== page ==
To protect and support the health and well-being of western lifestyle participants inside and outside the arena.
Goals and Objectives
1. To advance the education of rodeo and bull riding athletes, administrators, and medical professionals. Educate the public on the nature of concussions and the importance of prevention. Understand what concussions are, how they occur. Inform how to recognize signs and symptoms of concussion. Identify best practices for care and management once a concussion occurs.
A. Establishing and implementing clinical care pathways to diagnosing and managing concussions, including tracking those diagnosed with concussion and sharing information among health care professionals to increase the likelihood of a successful return to normal activities.
B. Establishing and implementing concussion protocols, policies, guidelines, and action plans. This will promote proper safety, care, and procedures for individuals participating in the sport of rodeo with an emphasis on bull riding.
C. Facilitating and promoting access for rodeo and bull riding athletes to health and sports medicine professionals and services. This includes baseline evaluations and assessments, post-concussion clinical services and monitored return to play programs.
D. Funding scientific research carried on by qualified personnel in the area of concussions and other brain related injuries associated with sports in Canada, particularly bull riding.
3. To promote health and well-being. This includes overall mental health awareness. Providing western lifestyle participants with access to counselling, health, and medical-related information and resources. Also, provide support programs and medical services.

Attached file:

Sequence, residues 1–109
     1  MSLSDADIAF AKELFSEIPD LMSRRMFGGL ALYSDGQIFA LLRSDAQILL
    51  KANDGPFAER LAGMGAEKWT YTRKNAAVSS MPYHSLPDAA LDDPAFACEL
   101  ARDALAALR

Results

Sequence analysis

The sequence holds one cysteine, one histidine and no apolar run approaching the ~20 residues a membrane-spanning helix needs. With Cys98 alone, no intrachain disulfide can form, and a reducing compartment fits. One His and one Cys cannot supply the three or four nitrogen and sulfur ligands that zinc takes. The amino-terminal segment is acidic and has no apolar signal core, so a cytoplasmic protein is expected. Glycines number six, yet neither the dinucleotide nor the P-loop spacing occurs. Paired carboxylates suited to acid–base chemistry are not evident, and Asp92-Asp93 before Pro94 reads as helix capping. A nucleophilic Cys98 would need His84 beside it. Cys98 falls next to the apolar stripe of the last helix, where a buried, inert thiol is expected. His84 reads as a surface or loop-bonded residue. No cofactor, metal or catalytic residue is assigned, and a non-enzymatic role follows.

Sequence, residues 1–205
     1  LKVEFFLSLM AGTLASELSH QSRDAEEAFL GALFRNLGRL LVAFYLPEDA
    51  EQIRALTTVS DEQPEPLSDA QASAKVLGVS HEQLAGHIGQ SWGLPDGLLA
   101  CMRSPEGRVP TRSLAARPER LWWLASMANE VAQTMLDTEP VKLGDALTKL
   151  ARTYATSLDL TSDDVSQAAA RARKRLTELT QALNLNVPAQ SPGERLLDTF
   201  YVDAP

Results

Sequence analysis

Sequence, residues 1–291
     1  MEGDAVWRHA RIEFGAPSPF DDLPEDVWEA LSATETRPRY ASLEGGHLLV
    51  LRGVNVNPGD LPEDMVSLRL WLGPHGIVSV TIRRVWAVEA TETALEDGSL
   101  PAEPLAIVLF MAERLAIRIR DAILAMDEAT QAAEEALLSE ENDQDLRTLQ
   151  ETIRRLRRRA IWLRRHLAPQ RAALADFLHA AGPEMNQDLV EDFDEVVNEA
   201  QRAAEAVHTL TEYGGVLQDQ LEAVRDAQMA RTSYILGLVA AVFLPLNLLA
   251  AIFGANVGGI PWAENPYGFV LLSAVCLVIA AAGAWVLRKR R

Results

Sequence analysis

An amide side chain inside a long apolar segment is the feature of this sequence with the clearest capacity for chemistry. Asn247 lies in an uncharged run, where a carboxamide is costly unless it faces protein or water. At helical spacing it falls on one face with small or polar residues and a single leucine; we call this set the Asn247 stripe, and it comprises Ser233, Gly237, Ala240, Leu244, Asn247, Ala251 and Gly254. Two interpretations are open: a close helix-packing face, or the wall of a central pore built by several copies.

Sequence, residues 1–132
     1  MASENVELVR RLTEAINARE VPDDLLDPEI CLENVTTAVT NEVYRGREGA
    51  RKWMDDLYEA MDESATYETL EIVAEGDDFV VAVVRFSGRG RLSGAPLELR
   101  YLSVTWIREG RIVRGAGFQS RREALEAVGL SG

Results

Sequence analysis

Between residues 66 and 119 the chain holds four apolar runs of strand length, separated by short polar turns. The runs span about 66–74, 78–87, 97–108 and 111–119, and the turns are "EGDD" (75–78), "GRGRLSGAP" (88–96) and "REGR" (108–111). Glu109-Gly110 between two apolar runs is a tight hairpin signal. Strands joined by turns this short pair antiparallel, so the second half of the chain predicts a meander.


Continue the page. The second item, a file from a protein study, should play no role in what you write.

Frequent, intense, concussion-type injuries can begin in childhood. As early as a fall off a first pony or getting bucked off the first steer. They can continue throughout the end of a professional rode career. For some sports, the warning signs of these injuries can be obvious. The nature of rodeo can sometimes cover them up. “They shake it off” and away they go. You jump in the truck and away you go. Do you sleep? No. So do you know you have insomnia? No, because you haven’t slept well for quite some time.
Cowboys like Pozzobon brushed off their injuries. The resulting mental health issues are not as easy to shake. Through this selfless donation by the Pozzobon family, his memory will live on. Someday Ty may help a fellow competitor through their brain injuries. Likely that day may have already come for some.
Injuries and accidents will never be completely preventable. Advancements through education, injury protection equipment will help. The creation of standardized injury protocols is also required. Creating a culture that talks about mental health issues is vital. It could someday mean that western lifestyle participants do not have to suffer a loss like that of Ty Pozzobon again. That is the ultimate goal of the Ty Pozzobon Foundation.
Support through the purchase of our merchandise
We have a retail outlet dedicated to Ty Pozzobon branded merchandise. Clothing for men, women, and children.
Location & Hours
Ty Pozzobon Foundation
2581 Lauder Avenue
Merritt, British Columbia V1K 1M8, CA
Tuesday 9:00 a.m. – 5:00 p.m.
Wednesday 9:00 a.m. – 5:00 p.m.
Thursday 9:00 a.m. – 5:00 p.m.
Friday 9:00 a.m. – 5:00 p.m.
We also have an online store: https://typozzobon.square.site/
Proceeds from the sale of merchandise supports the work of the Ty Pozzobon Foundation. Thank you for supporting this worthy cause. #LIVELIKETY